DURHAM, N.H. – The University of New Hampshire is at the forefront of contributions to the N.H. Energy and Climate Collaborative, a statewide effort charged a year ago with tracking and facilitating implementation of the state’s Climate Action Plan. The collaborative recently highlighted its accomplishments of the year, including a focus on the Green Launching Pad, a partnership between the state and the university that will provide intensive support to New Hampshire companies working to bring clean new energy products to market.
“UNH is implementing New Hampshire’s Climate Action Plan on several fronts,” said Cameron Wake, director of Carbon Solutions New England and one of the authors of the Climate Action Plan. “This includes the ongoing implementation of a detailed climate action plan specifically for the university – WildCAP -- that will reduce the emission of heat trapping gases 50 percent by 2020, and achieve an 80 percent reduction by 2050.”
In addition to the Green Launching Pad, the UNH transit system is one of the largest public transit providers in the state and the fleet is run primarily on two alternative fuels: ultra-low sulfur B20 (20 percent biodiesel) and compressed natural gas (CNG). The university is also host to Carbon Solutions New England, a public-private partnership that promotes collective action to achieve a clean, secure energy future, and last year became the first campus in the country to use landfill gas as its primary fuel source. In addition, UNH sells the renewable energy certificates (RECs) associated with EcoLine™ electricity generation to help finance the capital costs of the project and to invest in additional energy efficiency projects on campus.
“The collaborative is a great way to provide a comprehensive picture of the many efforts underway around the state to reduce greenhouse gas emissions,” said Jan Nisbet, senior vice provost for research at UNH and the university’s representative on the collaborative. “It allows us to track the progress being made and to bring together partnerships like the Green Launching Pad.”
Governor John Lynch established the Climate Change Policy Task Force for the state of New Hampshire in 2007 and charged the group to develop a plan for achieving the greatest feasible reductions in greenhouse gas emissions while also providing the greatest possible long-term economic benefit to the citizens of New Hampshire. Following 18 months of intensive efforts, the 29-member Climate Change Policy Task Force, with the help and participation of more than 125 stakeholders and input from over 200 citizens, released the New Hampshire Climate Action Plan in March 2009. The plan included 67 recommendations for addressing the state’s energy needs while also strengthening the economy and reducing the threats of climate change. The collaborative was formed to track and facilitate implementation of the statewide plan and is recognizing the following achievements over the last year:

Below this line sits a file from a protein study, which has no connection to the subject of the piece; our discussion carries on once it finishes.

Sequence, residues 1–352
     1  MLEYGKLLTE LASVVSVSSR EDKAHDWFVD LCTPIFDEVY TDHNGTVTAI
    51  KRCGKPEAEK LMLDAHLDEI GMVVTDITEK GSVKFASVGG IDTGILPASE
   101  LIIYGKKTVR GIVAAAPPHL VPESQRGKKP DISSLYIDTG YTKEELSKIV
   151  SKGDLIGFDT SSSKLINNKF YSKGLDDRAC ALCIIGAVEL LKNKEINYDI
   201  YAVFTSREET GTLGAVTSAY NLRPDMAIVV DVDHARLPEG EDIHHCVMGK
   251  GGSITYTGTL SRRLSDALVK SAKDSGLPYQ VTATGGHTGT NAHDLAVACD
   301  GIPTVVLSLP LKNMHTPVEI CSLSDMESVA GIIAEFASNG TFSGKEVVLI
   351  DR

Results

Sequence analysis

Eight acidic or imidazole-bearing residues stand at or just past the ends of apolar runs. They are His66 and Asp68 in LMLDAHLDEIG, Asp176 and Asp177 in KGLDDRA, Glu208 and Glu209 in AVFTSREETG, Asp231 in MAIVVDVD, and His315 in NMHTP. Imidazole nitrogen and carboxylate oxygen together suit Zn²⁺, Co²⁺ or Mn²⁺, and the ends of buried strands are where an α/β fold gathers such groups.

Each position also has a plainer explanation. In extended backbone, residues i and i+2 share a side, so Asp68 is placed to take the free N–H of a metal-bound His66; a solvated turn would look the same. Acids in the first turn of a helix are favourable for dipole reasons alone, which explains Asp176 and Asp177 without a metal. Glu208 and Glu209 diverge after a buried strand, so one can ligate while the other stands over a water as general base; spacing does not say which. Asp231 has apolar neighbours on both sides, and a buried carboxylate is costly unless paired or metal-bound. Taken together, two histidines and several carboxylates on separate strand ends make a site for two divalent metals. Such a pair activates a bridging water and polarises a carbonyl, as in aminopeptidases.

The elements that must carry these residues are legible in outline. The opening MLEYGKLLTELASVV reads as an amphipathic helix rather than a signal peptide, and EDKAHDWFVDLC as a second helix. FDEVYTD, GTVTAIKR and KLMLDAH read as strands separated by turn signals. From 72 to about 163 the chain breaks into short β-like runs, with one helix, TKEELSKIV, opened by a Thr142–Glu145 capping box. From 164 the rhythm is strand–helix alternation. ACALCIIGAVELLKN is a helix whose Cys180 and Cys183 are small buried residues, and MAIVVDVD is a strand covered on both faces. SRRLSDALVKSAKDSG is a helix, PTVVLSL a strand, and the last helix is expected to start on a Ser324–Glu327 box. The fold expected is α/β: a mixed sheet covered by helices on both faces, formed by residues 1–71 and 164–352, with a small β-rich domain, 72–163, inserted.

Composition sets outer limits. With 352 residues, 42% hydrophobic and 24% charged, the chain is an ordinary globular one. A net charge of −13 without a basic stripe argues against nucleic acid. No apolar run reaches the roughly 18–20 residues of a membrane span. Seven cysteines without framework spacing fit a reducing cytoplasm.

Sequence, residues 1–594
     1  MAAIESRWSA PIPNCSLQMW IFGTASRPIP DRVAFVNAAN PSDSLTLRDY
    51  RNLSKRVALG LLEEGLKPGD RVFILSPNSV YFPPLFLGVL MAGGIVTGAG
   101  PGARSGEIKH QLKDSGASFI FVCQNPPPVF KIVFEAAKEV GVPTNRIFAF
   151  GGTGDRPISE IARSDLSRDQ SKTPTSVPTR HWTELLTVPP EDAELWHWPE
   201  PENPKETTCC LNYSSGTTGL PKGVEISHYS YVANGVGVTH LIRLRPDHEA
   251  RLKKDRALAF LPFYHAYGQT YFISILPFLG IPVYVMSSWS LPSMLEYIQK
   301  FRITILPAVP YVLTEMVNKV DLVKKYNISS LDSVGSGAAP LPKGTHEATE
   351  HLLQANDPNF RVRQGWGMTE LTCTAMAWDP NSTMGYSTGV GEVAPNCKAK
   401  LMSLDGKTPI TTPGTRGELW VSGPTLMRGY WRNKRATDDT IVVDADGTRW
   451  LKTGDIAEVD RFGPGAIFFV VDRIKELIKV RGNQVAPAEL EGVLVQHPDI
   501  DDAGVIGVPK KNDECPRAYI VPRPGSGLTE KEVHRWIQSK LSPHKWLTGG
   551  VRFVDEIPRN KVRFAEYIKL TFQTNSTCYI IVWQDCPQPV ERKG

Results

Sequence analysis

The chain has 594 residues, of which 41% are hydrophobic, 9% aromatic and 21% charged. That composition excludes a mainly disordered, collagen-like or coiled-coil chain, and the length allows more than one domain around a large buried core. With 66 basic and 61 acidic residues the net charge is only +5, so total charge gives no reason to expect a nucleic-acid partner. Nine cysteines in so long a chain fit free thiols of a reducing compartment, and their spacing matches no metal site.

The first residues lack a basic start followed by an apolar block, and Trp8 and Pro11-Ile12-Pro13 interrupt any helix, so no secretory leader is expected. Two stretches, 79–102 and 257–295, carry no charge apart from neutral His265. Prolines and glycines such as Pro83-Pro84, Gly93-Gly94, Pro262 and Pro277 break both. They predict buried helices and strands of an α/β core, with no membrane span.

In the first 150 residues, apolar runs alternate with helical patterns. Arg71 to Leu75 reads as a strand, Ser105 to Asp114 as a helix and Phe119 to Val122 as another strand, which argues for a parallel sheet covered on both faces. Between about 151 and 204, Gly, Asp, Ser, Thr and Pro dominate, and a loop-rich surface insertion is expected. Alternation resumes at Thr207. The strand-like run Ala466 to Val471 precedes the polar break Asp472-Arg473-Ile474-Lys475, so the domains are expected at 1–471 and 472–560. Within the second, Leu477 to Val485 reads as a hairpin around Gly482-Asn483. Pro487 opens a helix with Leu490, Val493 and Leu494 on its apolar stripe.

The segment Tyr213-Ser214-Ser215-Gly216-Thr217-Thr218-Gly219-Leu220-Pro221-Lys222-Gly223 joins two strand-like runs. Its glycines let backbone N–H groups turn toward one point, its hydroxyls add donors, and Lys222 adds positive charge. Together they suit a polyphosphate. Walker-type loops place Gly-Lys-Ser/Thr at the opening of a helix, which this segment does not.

- Auctions of allowances for emissions of carbon dioxide from electric power plants conducted under the Regional Greenhouse Gas Initiative raised $24 million for energy efficiency projects in New Hampshire between September 2008 and June 2010, which in the first round of grants resulted in:
- More than 30 energy efficiency training opportunities;
- More than 709 people trained in energy efficiency;
- 500 efficiency projects complete or underway; and
- More than 185 buildings received energy audits or benchmarking information.
- In fiscal year 2010, the Renewable Energy Fund disbursed $1.34 million to 237 homeowners for distributed electric generation facilities such as solar photovoltaics and wind turbines.
- The Green Launching Pad, administered by the University of New Hampshire, was established to provide a mechanism for start-up green companies to obtain some funding through a competitive technology program.
- Through the Municipal Energy Assistance Program, 47 New Hampshire towns are measuring and beginning to manage energy use and become project-ready.
- Retail Merchants Association of NH, through its Energy Efficiency Program, met its year one goal of enrolling 25 businesses into its energy retrofit demonstration project within nine months.
- The American Recovery and Reinvestment Act of 2009 (ARRA) was created to stimulate the economy and these grants will inject a total of more than $70 million dollars into New Hampshire’s economy for energy related projects.
To learn more about the Annual Progress Review and how to Get Involved in implementation efforts, visit the Collaborative’s website at: http://nhcollaborative.org/APR.shtml.
UNH is a leader in conserving energy, reducing greenhouse gas emissions, and integrating sustainability throughout its curricula, operations, research, and engagement efforts. Committed to being a climate protection campus that pursues a sustainable energy future through emissions reduction policies, practices, research, and education, UNH has earned several awards for its sustainability initiatives, which range from an undergraduate dual major in EcoGastronomy and organic dairy research to having the largest transit system in the state and being the first in the nation to receive an EPA Energy Star building rating for residence halls. Discover the sustainable learning community at UNH at www.sustainableunh.unh.edu and discoversustainability.org.
The University of New Hampshire, founded in 1866, is a world-class public research university with the feel of a New England liberal arts college. A land, sea, and space-grant university, UNH is the state's flagship public institution, enrolling more than 12,200 undergraduate and 2,200 graduate students.